In a series of frank interviews, Vicky Phelan, her solicitor, and the medical experts involved in bringing to light the CervicalCheck scandal explain its impact, as well as the emotional toll it took on their families as they fought both their disease and for accountability for those failed by the state...
There's a moment in 'Vicky' when Vicky's solicitor, Cian O'Carroll explains how Vicky Phelan was brought into the witness box during the lawsuit she brought against the HSE and the laboratories. He's explaining the questions put to her in relatively staid terms, but in a flash, his chin begins to quiver when he explains that she was doing all this the same week she was planning a Confirmation for one of her children. The woman was facing a terminal cancer diagnosis, battling the state in a court of law, and she's got a Confirmation to plan at the end of the week. What makes 'Vicky' even more harrowing is that her story isn't even unique. She was one of nearly two hundred women who the HSE and CervicalCheck failed.
'Vicky' speaks about cancer and how the HSE and CervicalCheck failed women in brutal, stark terms. It opens with Vicky Phelan standing on a beach, explaining how much she loves the sea, and that she is standing where she wants her ashes to be spread. Yet, the interviews she gives are matter-of-fact and laced with humour. She knows what she is facing, but her refusal to retreat from it is made clear in so many brief moments, either when she addresses a group of students or when she's alone in a hospital ward.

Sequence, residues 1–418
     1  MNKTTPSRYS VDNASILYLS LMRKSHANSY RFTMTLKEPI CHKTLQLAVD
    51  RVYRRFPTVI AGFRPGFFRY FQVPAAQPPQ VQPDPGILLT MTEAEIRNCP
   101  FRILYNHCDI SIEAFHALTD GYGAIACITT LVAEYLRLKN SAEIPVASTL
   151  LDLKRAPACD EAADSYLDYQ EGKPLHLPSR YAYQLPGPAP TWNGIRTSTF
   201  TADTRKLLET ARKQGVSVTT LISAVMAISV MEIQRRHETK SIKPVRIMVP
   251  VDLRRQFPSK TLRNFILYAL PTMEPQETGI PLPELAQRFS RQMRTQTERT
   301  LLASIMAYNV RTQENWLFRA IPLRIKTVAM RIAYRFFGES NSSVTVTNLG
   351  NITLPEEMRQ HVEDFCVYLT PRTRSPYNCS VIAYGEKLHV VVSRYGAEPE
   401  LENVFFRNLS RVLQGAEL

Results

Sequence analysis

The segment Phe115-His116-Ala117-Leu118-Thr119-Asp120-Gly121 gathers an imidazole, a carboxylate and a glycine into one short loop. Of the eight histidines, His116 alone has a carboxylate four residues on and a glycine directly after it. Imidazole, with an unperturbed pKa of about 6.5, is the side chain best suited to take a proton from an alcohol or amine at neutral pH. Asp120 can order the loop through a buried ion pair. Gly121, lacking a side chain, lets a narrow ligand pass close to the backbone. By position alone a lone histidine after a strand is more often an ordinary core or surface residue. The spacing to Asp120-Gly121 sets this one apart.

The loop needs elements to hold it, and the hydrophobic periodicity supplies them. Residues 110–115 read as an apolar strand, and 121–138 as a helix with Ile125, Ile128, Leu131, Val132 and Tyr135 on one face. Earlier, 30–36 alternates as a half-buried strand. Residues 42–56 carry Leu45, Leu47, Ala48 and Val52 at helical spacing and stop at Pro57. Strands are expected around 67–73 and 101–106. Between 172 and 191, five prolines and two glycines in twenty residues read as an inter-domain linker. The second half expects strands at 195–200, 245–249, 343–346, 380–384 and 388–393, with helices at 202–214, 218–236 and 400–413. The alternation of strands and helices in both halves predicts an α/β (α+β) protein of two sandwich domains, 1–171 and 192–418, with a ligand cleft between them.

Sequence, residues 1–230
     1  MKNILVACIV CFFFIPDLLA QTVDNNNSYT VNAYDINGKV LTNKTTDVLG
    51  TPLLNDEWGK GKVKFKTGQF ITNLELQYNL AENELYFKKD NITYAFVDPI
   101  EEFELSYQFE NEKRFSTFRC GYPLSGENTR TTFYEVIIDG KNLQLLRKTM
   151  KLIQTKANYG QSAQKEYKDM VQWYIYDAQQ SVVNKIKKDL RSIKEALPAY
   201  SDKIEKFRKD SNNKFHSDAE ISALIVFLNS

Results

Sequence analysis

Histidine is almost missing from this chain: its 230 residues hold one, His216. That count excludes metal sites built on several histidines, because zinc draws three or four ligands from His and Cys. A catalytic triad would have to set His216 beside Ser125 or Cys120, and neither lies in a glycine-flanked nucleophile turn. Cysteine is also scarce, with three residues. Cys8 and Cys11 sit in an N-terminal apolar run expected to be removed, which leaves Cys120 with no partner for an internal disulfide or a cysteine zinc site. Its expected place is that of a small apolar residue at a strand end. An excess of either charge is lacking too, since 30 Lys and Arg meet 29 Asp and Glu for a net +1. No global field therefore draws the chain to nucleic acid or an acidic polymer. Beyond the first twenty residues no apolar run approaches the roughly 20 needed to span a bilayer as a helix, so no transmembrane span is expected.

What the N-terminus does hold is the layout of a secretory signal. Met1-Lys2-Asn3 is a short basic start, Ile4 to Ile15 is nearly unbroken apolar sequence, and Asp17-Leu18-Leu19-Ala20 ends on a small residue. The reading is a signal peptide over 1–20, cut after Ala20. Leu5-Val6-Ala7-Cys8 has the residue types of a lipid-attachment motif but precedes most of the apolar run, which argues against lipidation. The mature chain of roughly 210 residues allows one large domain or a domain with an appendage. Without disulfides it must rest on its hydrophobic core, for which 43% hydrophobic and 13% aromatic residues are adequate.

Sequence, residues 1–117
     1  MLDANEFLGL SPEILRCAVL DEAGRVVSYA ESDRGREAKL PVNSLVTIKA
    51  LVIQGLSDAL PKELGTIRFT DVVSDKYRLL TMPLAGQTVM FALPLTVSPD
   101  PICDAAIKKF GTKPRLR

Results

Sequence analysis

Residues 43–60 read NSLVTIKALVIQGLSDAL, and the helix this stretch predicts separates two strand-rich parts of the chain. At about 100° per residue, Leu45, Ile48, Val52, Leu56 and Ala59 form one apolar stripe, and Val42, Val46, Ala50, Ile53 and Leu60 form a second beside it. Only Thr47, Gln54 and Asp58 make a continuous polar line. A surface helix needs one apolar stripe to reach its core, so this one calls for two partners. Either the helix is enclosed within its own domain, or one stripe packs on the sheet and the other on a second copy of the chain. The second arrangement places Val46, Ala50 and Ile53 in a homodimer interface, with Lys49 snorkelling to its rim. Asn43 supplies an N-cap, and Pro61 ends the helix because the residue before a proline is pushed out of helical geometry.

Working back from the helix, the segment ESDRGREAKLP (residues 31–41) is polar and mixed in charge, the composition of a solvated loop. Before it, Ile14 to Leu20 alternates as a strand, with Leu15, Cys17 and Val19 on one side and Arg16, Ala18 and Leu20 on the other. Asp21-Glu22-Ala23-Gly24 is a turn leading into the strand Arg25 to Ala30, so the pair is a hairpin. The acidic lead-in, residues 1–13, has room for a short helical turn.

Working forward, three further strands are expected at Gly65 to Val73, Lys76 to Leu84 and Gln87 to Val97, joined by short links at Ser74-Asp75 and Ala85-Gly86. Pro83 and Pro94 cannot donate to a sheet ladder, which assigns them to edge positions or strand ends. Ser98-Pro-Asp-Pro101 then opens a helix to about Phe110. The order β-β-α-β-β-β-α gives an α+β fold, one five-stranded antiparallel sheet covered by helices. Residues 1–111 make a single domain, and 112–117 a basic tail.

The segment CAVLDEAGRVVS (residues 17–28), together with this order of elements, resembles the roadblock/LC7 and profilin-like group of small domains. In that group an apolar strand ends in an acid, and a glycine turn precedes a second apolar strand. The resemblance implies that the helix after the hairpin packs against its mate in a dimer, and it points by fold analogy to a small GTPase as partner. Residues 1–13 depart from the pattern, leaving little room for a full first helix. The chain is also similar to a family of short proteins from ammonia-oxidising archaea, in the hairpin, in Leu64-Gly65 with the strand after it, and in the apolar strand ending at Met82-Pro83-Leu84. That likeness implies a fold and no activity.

Together with these interviews, her own social media posts, archival news footage and intimate home videos, director Sasha King crafts a full picture of both Vicky Phelan's battle against both her cancer and her country. As an interviewee, Phelan has no qualms about anything. She speaks freely about the first hint of her having cancer in an intimate moment with her husband, through to her daughter's medical issues, and beyond to how she faces the unknown beyond her clinical trial and her own mortality.
The final moments of 'Vicky' lay bare exactly what happened to her, and why nearly two hundred women were placed in harm's way. Ireland was in a recession, and CervicalCheck and the HSE needed a cheap option. They died by Ireland's failures. For Irish women, this is nothing new. What 'Vicky' describes is how they survived and kept fighting, and the legacy they leave behind to their daughters to continue fighting.